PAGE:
The profit advantage comes from more highly engaged and loyal customers, lower employee turnover, higher productivity, and fewer accidents, among other outcomes. Engaged employees also report better health and higher overall well-being in comparison to those who are not engaged, or actively disengaged.
Gallup’s research shows that through their natural wiring, their own engagement, and how they coach the people they manage, managers account for at least 70% of team engagement.
When setting expectations, they define the right outcomes first, and don’t expect everyone to reach the same outcomes in the same way. When motivating, they focus on individual strengths and manage around the weaknesses.
While everyone can gain experiences and grow, people grow the most in the context of who they are, not trying to be someone they aren’t. In developing people, the best managers continuously find the right fit for each person. They help each person do more of what that person is naturally wired to do.
Based on recent Gallup exit interview data, the top reason people change jobs is “career growth opportunities.” Unfortunately, more than 90% of workers who change jobs change companies.
Organisations are failing to develop effective succession planning that makes it clear to young workers what their future can be in their organisation. It doesn’t have to be this way. This can happen through strengths-based management, effective coaching and development of realistic succession programs within each role.
First, don’t think about employee engagement as an annual survey or event. It is not separate from effective performance management. Rather, the key engagement elements are central to effective performance development should be part of continuous, ongoing, conversations between managers (coaches) and employees.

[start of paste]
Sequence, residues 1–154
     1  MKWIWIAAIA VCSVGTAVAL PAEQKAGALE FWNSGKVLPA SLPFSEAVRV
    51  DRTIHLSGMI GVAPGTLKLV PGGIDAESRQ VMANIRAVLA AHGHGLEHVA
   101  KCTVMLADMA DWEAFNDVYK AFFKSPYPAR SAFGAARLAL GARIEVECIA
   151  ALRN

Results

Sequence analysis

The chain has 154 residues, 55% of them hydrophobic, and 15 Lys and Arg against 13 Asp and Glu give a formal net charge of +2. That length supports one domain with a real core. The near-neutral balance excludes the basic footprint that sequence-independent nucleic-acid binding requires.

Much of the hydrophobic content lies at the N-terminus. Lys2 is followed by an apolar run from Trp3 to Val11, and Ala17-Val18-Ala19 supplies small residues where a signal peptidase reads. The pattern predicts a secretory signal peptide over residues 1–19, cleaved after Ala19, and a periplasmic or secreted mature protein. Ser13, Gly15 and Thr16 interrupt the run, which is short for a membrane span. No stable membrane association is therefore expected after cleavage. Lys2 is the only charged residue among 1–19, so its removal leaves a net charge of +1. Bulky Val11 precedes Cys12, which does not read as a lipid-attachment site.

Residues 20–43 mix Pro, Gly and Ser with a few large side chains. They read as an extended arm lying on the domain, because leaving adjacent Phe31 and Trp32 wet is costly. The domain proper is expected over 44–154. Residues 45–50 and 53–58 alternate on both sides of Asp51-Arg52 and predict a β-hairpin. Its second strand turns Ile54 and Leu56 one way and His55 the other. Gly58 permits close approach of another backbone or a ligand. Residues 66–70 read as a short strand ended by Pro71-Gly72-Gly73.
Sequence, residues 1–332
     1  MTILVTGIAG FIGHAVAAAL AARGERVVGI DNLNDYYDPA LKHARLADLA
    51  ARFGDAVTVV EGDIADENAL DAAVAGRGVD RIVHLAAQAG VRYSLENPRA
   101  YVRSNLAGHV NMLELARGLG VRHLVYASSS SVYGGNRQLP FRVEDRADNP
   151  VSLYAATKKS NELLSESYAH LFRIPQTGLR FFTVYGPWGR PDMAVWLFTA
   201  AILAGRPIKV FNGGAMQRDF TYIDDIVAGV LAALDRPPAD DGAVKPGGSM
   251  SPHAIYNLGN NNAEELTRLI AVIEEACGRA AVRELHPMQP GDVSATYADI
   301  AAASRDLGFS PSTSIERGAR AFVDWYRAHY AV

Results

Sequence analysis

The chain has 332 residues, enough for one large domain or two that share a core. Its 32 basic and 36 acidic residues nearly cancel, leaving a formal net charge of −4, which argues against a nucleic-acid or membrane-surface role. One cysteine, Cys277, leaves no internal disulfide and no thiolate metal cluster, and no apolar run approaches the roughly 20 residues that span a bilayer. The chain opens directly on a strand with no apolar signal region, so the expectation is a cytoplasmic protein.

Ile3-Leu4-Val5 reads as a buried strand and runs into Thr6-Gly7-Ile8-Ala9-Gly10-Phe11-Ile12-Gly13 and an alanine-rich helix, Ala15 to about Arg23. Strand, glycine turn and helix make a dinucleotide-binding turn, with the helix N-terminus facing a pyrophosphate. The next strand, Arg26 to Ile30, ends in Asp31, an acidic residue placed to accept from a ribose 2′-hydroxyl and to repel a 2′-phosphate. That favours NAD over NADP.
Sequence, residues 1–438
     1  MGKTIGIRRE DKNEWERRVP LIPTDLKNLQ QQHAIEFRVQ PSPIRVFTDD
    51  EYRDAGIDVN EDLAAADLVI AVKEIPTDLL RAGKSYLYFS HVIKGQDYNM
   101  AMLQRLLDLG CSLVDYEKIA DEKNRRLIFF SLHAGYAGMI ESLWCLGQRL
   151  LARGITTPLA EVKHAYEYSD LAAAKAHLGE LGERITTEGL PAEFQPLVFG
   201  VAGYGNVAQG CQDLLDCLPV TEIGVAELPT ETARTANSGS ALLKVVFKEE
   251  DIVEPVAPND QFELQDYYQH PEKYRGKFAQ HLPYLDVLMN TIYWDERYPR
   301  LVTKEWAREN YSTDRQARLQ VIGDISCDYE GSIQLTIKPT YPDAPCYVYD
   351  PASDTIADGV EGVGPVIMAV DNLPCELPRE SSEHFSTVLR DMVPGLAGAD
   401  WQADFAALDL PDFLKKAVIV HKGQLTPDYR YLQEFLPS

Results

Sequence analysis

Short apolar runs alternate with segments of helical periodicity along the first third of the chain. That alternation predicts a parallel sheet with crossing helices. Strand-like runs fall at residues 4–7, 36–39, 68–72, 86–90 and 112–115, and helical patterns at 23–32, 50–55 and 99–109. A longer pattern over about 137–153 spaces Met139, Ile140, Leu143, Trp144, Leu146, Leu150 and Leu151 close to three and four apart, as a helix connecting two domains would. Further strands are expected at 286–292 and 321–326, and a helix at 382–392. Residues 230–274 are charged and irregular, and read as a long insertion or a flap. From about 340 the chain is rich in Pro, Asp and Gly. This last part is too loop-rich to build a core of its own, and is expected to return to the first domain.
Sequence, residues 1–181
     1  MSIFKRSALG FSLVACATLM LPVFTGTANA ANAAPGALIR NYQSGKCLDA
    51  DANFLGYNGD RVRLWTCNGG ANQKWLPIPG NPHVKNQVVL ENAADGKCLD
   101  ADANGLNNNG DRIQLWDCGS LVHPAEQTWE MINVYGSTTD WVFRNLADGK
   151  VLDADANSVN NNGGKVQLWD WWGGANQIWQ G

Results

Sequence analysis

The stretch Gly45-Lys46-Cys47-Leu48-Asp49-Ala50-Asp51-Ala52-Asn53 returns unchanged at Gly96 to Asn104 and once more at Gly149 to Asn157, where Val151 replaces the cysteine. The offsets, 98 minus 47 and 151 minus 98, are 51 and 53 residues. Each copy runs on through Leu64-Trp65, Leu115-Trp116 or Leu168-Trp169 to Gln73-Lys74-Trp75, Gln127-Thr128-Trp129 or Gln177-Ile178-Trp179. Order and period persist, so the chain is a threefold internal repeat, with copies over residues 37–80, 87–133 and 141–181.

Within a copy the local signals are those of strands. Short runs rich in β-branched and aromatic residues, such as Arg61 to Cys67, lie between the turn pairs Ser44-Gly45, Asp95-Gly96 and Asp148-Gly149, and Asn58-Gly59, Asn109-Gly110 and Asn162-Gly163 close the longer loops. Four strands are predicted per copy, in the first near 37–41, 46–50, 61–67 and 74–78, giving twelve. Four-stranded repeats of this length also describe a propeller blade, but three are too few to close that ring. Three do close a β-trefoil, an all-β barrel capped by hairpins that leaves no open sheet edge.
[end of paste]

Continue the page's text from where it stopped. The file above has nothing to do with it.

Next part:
Engagement is more about a “process” than an “event”. It should be measured periodically, but more importantly, the engagement elements should be integral to an organisation’s strategy, communication, managerial expectations and accountability, and ongoing managerial development programs.
There are many roadblocks that prevent engagement from happening at the frequency that it should and most of these are shared, in various ways, across the globe. Many organisations treat engagement as an annual survey, much like the traditional employee satisfaction survey rather than a set of workplace conditions that are part of manager job expectations.
Few organisations have the right requirements for becoming a manager and do not select managers based on their natural ability to manage others. Most managers get into the role of a manager based on either tenure in the organisation or success in a prior job that is unrelated to the ability to manage others.
Few organisations have implemented effective strengths-based managerial training to teach managers how to leverage their natural talents and those of their employees to achieve efficient team performance. But, the good news is that this is all achievable. At a foundational level, many organisations haven’t yet aligned critical engagement elements with their over-arching strategy.
See: How Does Workplace Satisfaction Help Boost Employee Engagement?
Business units that utilise strengths-focused feedback system realise 9-15% higher employee engagement. Employees who strongly agree that their manager focuses on their strengths or positive characteristics have more than double the odds of being engaged in comparison to the average of all employees.
A strengths-based approach that defines the individual differences of each person and seeks to leverage those differences provides a more efficient path to engaging employees – essentially short-cut to engagement.